7 Signs Of A Soon To Be Hot Neighborhood

Dated: 07/31/2014

Views: 520

.1. On-trend businesses are moving in.
Whole Foods Market
In my neck of the woods, when a co-working space, a Whole Foods or a Trader Joes moves into the neighborhood, it’s a sign that the nature of things might be changing. This is just as true for small, local businesses that attract people with disposable income as it is for businesses that sell the basics with flair. In fact, most larger businesses do a fair amount of economic research and projections on the neighborhood before moving in. Watching big industry and business moves can be a great way to spot emerging areas with strong fundamentals way before other agents might otherwise be able to see them.

2. Uber-convenient location in a land-impacted metro.
If you live in a densely populated metro area — especially one that is coastal, or Denver, which happens to be the fastest growing city that is not a coast line — or an urban setting with intense governmental restrictions on building, demand for homes will continue to grow as the population does, but the supply will remain somewhat limited. In many of these situations, neighborhoods that have been downtrodden but have very convenient proximity to employment centers, public transportation, freeways and bridges tend to be prime for whole-neighborhood remodeling in times of population growth or rapid real estate price rises in already prime areas.
3. Downsides have an expiration date.
If there’s one major issue that has caused an area to be less desirable for decades, and that issue is being eliminated or ameliorated, it could set the neighborhood up for a turnaround. For example, striking crime decreases or a major employer moving into the area where none were before can spark a serious real estate renaissance in an area that has some of the other desirable features on this list.Also, keep in mind that a new generation of homebuyers has a new set of values, and might simply not be concerned or deterred by things their parents might have viewed as turnoffs. Living above a commercial unit might have been a deal-killer for my parents, but my son thinks it’s cool — even desirable, depending on the business on the ground floor. Similarly, gritty and urban might not be the descriptors of your dream home, but some 20-something first-time buyers in major metros are seeking exactly that feel.
4. Architectural themes with a following.
 Rowhouses image via Shutterstock
Many up-and-coming neighborhoods find themselves pulled by aficionados of the particular type of architecture that characterizes the neighborhood. Often, down-at-the-heels neighborhoods that are riddled with Tudors, Victorians, Spanish-style homes or even midcentury moderns will see a surge of revitalization when a fresh generation of frugal homebuyers falls in love with the style and realizes the deals that can be had there vs. other, already prime areas in town.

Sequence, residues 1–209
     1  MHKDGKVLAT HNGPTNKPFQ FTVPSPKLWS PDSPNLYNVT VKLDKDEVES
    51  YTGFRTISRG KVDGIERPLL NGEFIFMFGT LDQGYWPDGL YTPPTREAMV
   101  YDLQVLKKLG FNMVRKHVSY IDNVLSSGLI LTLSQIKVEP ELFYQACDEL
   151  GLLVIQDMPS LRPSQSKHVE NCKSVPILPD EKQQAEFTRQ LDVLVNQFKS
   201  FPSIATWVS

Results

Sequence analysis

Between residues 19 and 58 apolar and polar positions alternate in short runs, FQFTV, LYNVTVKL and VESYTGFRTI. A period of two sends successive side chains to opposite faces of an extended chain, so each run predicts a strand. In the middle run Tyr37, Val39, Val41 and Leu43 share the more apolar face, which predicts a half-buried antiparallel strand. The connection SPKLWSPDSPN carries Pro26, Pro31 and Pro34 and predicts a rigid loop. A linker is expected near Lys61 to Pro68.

5. At least one major economic development is brewing.
Never underestimate the power of a major economic development to overhaul a neighborhood’s fate. From Google and Microsoft building cloud storage data centers in Des Moines, Iowa, to a new light rail station going live in Denver, Colorado, one large-scale employer or infrastructure development can be a very early, very strong sign that an area will see its real estate fortunes rise. (That said, areas dependent on one near-obsolete employer or industry can see their fates decline rapidly. Look for industrywide investment in an area vs. a single company’s investment.)
6. Fixing is in the air.
When you see that an area long known for its run-down homes has a number of homes being renovated and rehabbed from the inside out, this can be a sign of fledgling neighborhood turnaround. If you spot these sorts of projects visually, it might be worth taking a trip down to the city building permit counter to see whether the staff has seen the same uptick in individual owners’ investment in the area, and if so, what they think the story of the neighborhood might be — or might become. City staffers often have a wealth of information at the ready, everything from pending commercial development applications that could change the whole landscape of an area to projects the city itself has funded or will prioritize due to its own development initiatives.
7. Slow but steady decrease in DOM (days on market)
 Now, millennials buying their first homes are salivating over that precise location, for its mix of urban feel, new trendy restaurants and yoga studios, and complete convenience to Downtown.  In between now and then, though, those who were watching carefully would have noticed how homes that once took 90 days to sell gradually were selling in 45, then in a couple of weeks — and would have noticed that this decline in the number of days an average listing stayed on the market occurred way before the home prices themselves increased. A slow, steady decrease in DOM is a smart, early sign that a neighborhood might be poised on the precipice of up-and-coming status.
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Tatyana Sturm

Tatyana truly understands the dynamics of selling homes in the Denver Metro real estate market and is an expert at educating her clients so they can make the best and informed decisions for their need....

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